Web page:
• 0.9% of high school boys will go on to play NCAA Division I soccer.
  • 2.4% of high school girls will go on to play NCAA Division I soccer.

Source: ScholarshipStats.com

Understanding the Differences in Divisions for College Soccer

NCAA logo long

When starting the recruiting process, athletes should keep in mind the specific process for different divisions varies. Soccer players will want to understand each division’s guidelines, rules and deadlines before committing to a specific process. For instance, NCAA Division I soccer programs are typically highly competitive and often have more resources and scholarships available compared to other divisions.

NCAA Division I

Division I programs can offer athletic scholarships to soccer recruits, and the recruiting process in Division I can start early, with coaches able to send recruiting materials and make contact with prospects as early as September 1 of the player's junior year in high school (keep in mind: athletes can reach out to coaches and verbally commit before their junior year). Official visits can also occur starting September 1 of the player's junior year. Division I is best for you if you are looking to play at the highest level, even if this means having less time for academics. DI is definitely the biggest time commitment of all the divisions.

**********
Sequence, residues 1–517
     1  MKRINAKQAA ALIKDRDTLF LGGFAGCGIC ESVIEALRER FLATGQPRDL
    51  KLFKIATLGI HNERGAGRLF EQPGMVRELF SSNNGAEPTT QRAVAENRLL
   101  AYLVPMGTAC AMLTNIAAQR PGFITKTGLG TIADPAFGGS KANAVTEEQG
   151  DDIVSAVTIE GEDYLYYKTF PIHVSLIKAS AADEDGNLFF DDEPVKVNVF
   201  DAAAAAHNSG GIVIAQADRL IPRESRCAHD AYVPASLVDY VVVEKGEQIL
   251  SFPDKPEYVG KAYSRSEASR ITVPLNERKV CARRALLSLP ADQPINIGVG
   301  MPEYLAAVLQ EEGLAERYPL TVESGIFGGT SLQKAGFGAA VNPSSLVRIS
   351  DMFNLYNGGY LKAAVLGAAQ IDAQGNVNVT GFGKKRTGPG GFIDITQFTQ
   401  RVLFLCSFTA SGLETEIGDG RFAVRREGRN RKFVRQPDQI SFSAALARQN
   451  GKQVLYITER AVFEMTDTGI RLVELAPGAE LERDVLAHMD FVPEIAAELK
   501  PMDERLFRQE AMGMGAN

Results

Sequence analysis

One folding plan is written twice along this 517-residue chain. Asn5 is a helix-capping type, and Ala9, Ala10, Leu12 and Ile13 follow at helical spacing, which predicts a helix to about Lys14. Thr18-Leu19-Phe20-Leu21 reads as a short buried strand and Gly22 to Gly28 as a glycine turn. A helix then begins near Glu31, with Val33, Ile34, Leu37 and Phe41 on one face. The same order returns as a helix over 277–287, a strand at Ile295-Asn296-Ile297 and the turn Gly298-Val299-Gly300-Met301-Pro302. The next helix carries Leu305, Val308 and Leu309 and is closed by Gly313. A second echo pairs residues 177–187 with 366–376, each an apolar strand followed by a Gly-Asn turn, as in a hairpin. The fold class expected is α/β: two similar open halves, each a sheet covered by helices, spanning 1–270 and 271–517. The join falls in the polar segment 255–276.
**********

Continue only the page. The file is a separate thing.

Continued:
NCAA Division II

Division II soccer programs also offer athletic scholarships, although they may have fewer resources compared to Division I programs. Division II scholarships will almost always be partial scholarships. In Division II, coaches can contact prospects and send recruiting materials starting June 15 after the player's sophomore year. Official visits can also occur June 15 after the player's sophomore year. Division II is best for you if you are looking for a school with a good academic and athletic balance, but still a strong focus on athletics.

NCAA Division III

Division III soccer programs do not offer athletic scholarships, as NCAA rules prohibit the awarding of athletic aid based on athletic ability. However, Division III schools can offer academic scholarships or need-based financial aid. Division III coaches can contact prospects and send recruiting materials at any time, and official visits can also occur at any time. The Division III recruiting process will be a bit less stressful. Division III is best for you if you are looking for a school that has a great balance of academics and athletics and you also want time to do other things in school like join clubs or take an extra major.